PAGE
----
http://danvillesanramon.com/blogs/p/print/2011/08/02/pretending-to-resolve-a-make-believe-crisis-in-a-way-that-nobody-can-understand


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By Tom Cushing

Pretending to resolve a make-believe crisis in a way that nobody can understand

Uploaded: Aug 2, 2011

Is everybody happy now? Relieved anyway, because we dodged a bullet, forged a compromise and snatched victory from the jaws of default? Does it make any difference:

- that this was an utterly illusory "crisis" that "we" inflicted on ourselves, or

- that it'll cost the neediest among us a lot, and the most fortunate nothing, again, or

- that the wrong guy gets the blame for it, or

- that it only treats part of the problem, or

- that it's the wrong part, or

- that it continues the trend of burying the electorate in a confusing blizzard of zeros, relating to both dollars and the time over which they accumulate?

The debt ceiling limit law was enacted in 1917, when Congress exercised only loose oversight on government spending. It has been unnecessary since at least the 1970s, and you'd never heard of it before now because it has been used seventy (count 'em) times previously without incident. Nobody ever conceived of using this routine act to hold the world economy hostage – until now. www.newyorker.com/talk/financial

The compromise reached during this make-believe hostage crisis apparently focuses early spending cuts on federal agencies serving the poorest Americans; Defense is untouched, unless the next generation of Congressional wranglers can't agree on more cuts before Christmas. I write 'apparently' because it's quite difficult to tell – even the NY Times threw up its hands and just printed the 74-page bill.

Mr. Obama gets most of the blame for the sorry state of the national debt, when the lion's share of the problem was created by his predecessor: via tax cuts ($1.8T), coincident with two (count 'em!) unfunded wars ($1.5T), TARP and a Wall Street bail-out ($1T). Obama's stimulus and tax cut (together, $1.1T) are kind of chintzy, by comparison. http://graphics8.nytimes.com/images/2011/07/24/opinion/sunday/24editorial_graph2/24editorial_graph2-popup.gif.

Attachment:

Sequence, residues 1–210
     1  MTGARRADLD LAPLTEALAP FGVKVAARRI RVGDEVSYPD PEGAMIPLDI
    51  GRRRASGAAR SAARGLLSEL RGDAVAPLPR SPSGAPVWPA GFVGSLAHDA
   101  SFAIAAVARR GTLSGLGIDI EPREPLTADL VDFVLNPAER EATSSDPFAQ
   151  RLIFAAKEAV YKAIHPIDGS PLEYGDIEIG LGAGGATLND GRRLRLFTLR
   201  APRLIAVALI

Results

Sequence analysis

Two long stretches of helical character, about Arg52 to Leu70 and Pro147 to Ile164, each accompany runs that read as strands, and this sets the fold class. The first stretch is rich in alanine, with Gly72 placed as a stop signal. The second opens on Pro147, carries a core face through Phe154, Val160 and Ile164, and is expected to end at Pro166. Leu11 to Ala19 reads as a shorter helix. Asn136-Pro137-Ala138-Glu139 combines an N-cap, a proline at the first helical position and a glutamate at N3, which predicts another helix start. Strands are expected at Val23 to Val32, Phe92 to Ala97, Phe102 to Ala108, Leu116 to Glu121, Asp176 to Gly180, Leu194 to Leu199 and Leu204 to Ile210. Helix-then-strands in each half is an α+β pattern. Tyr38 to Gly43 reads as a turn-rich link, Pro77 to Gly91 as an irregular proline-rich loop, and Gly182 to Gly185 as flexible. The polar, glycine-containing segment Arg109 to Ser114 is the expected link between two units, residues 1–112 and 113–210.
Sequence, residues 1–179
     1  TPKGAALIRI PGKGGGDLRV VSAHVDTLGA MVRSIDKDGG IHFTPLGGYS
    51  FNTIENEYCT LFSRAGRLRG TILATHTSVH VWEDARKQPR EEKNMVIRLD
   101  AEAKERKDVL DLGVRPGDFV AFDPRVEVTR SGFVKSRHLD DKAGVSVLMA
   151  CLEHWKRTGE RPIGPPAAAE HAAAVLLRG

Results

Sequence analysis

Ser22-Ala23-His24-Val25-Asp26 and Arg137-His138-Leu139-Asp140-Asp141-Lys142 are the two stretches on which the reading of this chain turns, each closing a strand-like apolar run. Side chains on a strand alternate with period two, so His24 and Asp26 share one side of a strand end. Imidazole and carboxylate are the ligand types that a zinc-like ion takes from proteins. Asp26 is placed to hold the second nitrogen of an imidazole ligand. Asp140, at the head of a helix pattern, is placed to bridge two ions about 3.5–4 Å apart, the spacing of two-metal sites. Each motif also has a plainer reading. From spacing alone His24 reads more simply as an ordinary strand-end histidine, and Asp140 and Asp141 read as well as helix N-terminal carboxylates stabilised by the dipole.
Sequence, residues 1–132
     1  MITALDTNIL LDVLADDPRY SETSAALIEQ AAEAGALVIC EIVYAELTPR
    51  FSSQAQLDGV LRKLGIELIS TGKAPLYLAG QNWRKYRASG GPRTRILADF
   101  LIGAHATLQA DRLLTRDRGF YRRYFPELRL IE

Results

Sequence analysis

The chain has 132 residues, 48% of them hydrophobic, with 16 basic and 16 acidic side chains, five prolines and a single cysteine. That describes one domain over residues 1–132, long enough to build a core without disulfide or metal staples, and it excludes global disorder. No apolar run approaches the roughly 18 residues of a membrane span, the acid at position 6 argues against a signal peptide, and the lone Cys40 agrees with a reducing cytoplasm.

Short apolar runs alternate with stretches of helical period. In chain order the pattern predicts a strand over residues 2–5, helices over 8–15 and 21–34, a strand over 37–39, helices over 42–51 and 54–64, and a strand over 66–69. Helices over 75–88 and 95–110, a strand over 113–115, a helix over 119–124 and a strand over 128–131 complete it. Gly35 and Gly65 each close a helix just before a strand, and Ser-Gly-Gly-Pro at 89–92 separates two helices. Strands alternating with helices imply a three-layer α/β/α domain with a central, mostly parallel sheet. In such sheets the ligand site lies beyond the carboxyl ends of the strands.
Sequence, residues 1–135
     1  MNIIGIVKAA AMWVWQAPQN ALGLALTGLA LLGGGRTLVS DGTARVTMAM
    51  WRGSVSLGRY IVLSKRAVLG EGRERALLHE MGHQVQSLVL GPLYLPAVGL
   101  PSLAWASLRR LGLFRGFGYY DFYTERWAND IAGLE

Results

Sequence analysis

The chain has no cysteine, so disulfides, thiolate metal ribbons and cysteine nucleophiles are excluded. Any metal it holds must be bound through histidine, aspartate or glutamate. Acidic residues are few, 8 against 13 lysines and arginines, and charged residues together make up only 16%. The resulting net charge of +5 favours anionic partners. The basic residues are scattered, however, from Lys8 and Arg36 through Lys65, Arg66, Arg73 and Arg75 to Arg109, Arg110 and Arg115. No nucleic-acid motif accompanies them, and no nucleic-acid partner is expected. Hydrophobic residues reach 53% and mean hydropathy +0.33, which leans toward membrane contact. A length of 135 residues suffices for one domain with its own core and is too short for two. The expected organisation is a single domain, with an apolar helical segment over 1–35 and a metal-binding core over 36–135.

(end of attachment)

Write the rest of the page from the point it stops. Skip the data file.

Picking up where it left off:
The ransom, err, compromise deals only with the spending side of the national accounts. As everybody with a check book knows, there are two components to balancing a budget: spending less And making more – here, in the form of higher taxes. A simple revision of the Bush tax cuts would make a huge dent in the problem. The job-killer counter- argument is cynical nonsense. The Bush cuts have done nothing for American jobs precisely because their benefits flow elsewhere in the now wide-open global economy.

This country's economy is struggling mightily to emerge from the Great Recession. It has a jobs and housing crisis, not a debt crisis -- it has a debt problem. The current economic scuffling is caused by too little demand overall, especially from the deeply troubled middle class. Reducing the spending that flows from both the feds directly, and via the states, will further exacerbate the lagging demand problem. Anybody for a double-dip in the red-ink pool?

Sometime in the last decade, politicians decided that they could maximize the perception of a desired policy by accounting for it over multiple years or budget cycles, thus yielding bigger numbers. The result has been a thoroughly numbed and befuddled public that cannot comprehend or compare actual, relevant impacts without a Cal Tech post-doc. I suspect that the coincidence of that phenomenon with the downfall of solid, investigative journalism is no accident. It is a thoroughly frustrating trend that generates fear without understanding.

They say a good compromise is one where nobody ends up happy. This latest "bargain" demonstrates that the same thing can be said of a lousy one.

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